Get to know a neighbor: Bobcats (Lynx rufus) - These Florida felines are beautiful, graceful and athletic

Visitors come to Ellie Schiller Homosassa Springs Wildlife State Park to see and learn about Florida’s wildlife. The park is currently home to two male Florida bobcats that live in a natural habitat. The bobcats named Tank and Antonio, started their lives as pets in different families. When they could no longer care for them, they were brought to our wildlife park which serves as a refuge for injured, orphaned and imprinted animals that could not otherwise survive in the wild. Bobcats are usually solitary animals and come together only to breed. Although these two bobcats came from different situations they have bonded, and get along surprisingly well. Did you know The bobcat is the most common wildcat in North America. Current populations are estimated at between 725,000 to 1,020,000 remaining in the wild. In the early to mid-1900s, bobcat populations in many Midwestern and eastern states were had declined due to hunting for the increased value of their fur. International laws began to protect the world’s spotted cats in the 1970s. As a result, populations have rebounded. These beautiful, graceful and athletic cats are about twice the size of a house cat. They have bobbed tails and their ears have tufts of dark hair at the tips. They purr like domestic cats, but they also make screaming and squealing noises when females are in heat. Kittens are often born in early spring in litters of one to six kittens. The bobcat’s habitat includes forest, mountains and even semi-deserts. Preferred habitats include dense vegetation and an abundance of prey. These cats are excellent hunters and stalk their prey with both stealth and patience. They can capture their prey in one bounding leap. They are carnivores and prefer rodents and rabbits, but will also take reptiles, fish, birds and insects. What you can do Bobcats are dangerous. Respect wild animals and do not attempt to keep them as pets. As human population increases, habitat space for wildlife survival decreases, therefore support the efforts of State Fish and Wildlife agencies to study bobcats and other wildlife through tracking, capturing and collaring these animals to determine their movement and determine which habitats are important to their survival. Resources: Florida Wildlife Conservation Commission and Defenders of Wildlife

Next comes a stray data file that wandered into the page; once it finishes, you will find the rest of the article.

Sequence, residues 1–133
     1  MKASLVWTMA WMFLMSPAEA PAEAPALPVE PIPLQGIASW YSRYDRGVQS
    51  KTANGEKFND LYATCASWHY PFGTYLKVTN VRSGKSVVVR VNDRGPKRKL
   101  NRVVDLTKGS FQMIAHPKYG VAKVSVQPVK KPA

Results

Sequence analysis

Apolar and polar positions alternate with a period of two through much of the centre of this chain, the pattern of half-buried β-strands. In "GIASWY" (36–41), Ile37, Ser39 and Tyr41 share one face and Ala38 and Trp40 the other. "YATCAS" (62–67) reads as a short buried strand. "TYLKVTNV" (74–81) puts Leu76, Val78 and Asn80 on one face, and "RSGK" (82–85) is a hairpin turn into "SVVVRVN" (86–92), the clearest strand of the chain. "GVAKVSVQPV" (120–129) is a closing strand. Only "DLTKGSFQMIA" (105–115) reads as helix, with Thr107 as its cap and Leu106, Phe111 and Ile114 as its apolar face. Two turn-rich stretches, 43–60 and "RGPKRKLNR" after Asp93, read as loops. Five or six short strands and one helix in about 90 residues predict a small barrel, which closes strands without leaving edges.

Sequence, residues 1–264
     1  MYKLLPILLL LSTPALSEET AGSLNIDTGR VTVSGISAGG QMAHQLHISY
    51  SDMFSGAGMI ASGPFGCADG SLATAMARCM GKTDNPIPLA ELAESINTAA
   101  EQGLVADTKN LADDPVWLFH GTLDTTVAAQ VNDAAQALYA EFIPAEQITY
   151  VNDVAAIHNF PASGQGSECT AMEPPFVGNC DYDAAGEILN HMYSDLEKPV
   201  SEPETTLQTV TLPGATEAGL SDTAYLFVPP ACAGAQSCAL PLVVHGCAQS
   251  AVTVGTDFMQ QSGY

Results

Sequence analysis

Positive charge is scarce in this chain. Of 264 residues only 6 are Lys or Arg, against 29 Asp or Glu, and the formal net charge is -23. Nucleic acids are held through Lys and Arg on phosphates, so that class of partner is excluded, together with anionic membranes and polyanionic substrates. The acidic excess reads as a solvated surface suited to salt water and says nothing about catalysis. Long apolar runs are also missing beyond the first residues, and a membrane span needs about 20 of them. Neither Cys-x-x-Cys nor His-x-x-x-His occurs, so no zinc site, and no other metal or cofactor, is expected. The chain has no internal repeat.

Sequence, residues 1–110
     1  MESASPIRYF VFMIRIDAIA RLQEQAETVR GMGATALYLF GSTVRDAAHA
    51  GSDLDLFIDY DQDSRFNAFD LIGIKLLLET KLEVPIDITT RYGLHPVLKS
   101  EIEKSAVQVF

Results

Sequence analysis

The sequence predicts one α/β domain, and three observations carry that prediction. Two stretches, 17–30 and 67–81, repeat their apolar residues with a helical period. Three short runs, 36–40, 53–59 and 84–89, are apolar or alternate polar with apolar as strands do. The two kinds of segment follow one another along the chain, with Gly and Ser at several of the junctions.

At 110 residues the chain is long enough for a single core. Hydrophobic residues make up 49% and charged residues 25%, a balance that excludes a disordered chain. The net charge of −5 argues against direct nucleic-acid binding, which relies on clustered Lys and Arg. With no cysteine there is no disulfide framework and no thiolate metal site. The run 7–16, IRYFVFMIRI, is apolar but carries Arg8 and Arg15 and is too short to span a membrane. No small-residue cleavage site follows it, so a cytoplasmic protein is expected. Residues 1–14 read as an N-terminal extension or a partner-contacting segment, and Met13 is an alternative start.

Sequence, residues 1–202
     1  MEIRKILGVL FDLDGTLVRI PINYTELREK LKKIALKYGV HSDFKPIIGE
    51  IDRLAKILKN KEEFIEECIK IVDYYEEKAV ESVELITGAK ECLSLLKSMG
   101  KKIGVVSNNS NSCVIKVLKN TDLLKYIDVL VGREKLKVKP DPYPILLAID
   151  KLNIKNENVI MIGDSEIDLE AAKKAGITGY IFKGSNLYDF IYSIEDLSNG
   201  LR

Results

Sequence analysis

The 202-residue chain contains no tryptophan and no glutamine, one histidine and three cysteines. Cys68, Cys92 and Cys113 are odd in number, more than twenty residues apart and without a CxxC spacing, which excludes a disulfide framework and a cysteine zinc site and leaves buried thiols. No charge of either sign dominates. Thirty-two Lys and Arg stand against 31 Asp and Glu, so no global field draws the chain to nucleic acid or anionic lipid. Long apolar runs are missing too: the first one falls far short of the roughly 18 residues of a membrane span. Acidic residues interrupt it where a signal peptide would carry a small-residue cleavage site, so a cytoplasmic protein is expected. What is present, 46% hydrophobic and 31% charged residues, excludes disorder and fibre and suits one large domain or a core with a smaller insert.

Contact Chronicle reporter Buster Thompson at 352-564-2916 or